WAN optimization eliminates redundant transmissions of data. It stages data to local caches and compresses it. Furthermore, there's a data deduplication element that eliminates the transfer of redundant data across a WAN. With deduplication, once it identifies something it already has, it will just send a reference to it instead of the entire byte sequence, which allows you to send a lot less data across the wire, while keeping the transmission coherent. The compression aspect of WAN optimization will look for data patterns that can be represented more efficiently. So deduplication and compression are combined. Essentially, it allows you to send a lot more information across the WAN without using a lot of bandwidth by optimizing what you are sending.

How does data deduplication play a part in using disk backup for disaster recovery?

Data deduplication is very similar to WAN optimization. At the disk level, it recognizes identical data segments and creates references and pointers to it. If it sees a segment of blocks or sequence of bytes, it will write to disk a much smaller pointer instead of the entire data segment. Data deduplication is a good replacement for tape media without spending a fortune on disk. Also, if you're considering using disk as your backup target instead of tape, instead of having to buy a lot of disk space, it allows you to reduce your data.

The one thing you need to watch out for with data deduplication is that it's not very well suited for short-term retention backups because the efficiency of data deduplication relies on history. The more it recognizes an identical byte sequence, the more data reduction you get. So, for example, if you back up the same word document 20 times, there ends up being a large portion of that word document that never changes, so instead of having 20 times that file, deduplicating it makes sure there's only one unique byte sequence. Deduplication reduces data storage 15:1 or 20:1. In some cases you could even double that.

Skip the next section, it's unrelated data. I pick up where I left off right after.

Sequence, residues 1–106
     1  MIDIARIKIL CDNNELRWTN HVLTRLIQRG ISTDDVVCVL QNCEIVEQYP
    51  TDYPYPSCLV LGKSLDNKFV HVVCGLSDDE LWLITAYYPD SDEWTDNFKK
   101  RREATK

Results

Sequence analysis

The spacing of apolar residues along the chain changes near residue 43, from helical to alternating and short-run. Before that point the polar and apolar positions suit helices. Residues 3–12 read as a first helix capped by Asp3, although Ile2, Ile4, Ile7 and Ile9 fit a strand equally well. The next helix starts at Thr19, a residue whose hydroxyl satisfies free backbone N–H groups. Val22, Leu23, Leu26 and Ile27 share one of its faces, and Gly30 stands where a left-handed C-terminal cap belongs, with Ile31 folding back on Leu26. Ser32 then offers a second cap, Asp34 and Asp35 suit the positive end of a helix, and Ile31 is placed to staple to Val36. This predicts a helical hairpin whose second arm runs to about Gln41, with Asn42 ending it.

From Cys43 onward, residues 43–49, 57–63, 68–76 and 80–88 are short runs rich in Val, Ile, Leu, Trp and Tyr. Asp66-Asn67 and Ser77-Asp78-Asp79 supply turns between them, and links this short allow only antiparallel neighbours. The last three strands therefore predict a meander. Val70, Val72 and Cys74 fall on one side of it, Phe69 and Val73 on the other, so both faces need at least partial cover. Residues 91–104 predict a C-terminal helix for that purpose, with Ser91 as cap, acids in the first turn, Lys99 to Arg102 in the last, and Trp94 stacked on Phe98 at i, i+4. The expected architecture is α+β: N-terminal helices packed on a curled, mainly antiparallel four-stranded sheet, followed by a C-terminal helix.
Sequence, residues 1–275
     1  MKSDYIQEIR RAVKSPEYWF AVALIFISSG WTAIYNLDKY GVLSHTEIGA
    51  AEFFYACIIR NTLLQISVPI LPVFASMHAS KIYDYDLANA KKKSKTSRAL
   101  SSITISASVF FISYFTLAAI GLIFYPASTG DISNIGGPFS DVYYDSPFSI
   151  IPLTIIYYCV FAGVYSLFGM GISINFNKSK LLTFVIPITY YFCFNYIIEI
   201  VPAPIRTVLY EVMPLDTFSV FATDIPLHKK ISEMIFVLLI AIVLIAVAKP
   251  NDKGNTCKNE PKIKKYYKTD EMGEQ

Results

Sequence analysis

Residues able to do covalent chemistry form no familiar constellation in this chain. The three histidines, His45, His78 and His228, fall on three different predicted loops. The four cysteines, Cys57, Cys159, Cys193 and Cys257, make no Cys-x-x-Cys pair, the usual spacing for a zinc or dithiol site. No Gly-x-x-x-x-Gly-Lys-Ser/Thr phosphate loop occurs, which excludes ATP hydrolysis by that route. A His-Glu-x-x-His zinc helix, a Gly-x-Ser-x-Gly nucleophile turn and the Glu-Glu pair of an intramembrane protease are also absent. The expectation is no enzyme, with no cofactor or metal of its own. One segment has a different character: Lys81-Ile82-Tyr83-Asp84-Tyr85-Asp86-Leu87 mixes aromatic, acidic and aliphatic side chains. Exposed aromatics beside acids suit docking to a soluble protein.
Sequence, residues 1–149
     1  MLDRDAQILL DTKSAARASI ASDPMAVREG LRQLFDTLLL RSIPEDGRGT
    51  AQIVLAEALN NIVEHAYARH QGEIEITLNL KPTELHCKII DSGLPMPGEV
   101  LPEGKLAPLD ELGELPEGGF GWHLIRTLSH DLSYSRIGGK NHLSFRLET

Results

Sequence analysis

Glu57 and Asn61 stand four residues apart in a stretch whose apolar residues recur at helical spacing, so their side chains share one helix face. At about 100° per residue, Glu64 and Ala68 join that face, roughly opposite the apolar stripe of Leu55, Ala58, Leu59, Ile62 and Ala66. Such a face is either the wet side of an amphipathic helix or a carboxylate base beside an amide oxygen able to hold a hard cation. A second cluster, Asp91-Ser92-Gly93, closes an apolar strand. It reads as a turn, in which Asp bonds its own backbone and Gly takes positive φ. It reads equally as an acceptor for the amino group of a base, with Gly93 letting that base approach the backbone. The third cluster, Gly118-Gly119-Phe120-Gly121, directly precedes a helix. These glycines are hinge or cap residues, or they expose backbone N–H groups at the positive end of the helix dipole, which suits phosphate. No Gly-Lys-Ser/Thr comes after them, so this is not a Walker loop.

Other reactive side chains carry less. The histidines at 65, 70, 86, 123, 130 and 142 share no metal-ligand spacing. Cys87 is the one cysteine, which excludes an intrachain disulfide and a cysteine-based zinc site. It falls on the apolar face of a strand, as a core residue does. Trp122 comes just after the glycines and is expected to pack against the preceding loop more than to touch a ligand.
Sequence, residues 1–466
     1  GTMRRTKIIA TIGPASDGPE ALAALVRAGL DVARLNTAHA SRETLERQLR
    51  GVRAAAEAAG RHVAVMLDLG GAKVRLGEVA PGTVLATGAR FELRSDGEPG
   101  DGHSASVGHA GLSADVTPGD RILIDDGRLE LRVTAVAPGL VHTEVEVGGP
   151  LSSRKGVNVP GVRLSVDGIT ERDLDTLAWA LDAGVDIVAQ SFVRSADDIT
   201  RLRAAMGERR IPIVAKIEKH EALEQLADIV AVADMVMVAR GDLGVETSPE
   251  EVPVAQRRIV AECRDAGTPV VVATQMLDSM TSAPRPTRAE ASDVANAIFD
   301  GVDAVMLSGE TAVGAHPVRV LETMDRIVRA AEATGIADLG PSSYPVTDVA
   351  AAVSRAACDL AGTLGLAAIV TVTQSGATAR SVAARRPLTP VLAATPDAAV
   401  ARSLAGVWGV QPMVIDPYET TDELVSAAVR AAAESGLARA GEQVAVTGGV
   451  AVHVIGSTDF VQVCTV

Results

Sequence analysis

A lot of deduplication technologies are replication capable. By replicating deduplicated data, network bandwidth requirements are reduced by copying or replicating a reduced data set across the network. In the end, when data deduplication is combined with WAN optimization, you can significantly reduce your data stream to two locations.

What about continuous data protection (CDP)? Who should consider that?

Some people confuse CDP with mirroring, or your traditional data replication. Continuous data protection is a point-in-time copy. Any kind of traditional backup will do a point in time copy whether it's to tape or disk. At the other extreme, mirroring is a constant copy of all the changes that are made to the data. The problem with mirroring is that if the original copy is corrupted, the replicated copies will also be corrupted. CDP, on the other had, captures every bit of info it changes, and allows the user to create certain recovery points as opposed to traditional backup where you only have one recovery point. In the example of corrupted data, CDP gives the user the ability to roll back certain changes to the point where the data was valid.

Who should use this? These technologies are meant for people who need continuous protection, but also need to recover data at a certain point in time. It really depends on how your recovery time objectives (RTOs) are defined. If you have very stringent requirements and have the ability to roll back in a granular fashion, CDP is better than mirroring, which has its limitations in the sense that it copies blindly without knowing if the data at the source is usable or not.

This was first published in July 2009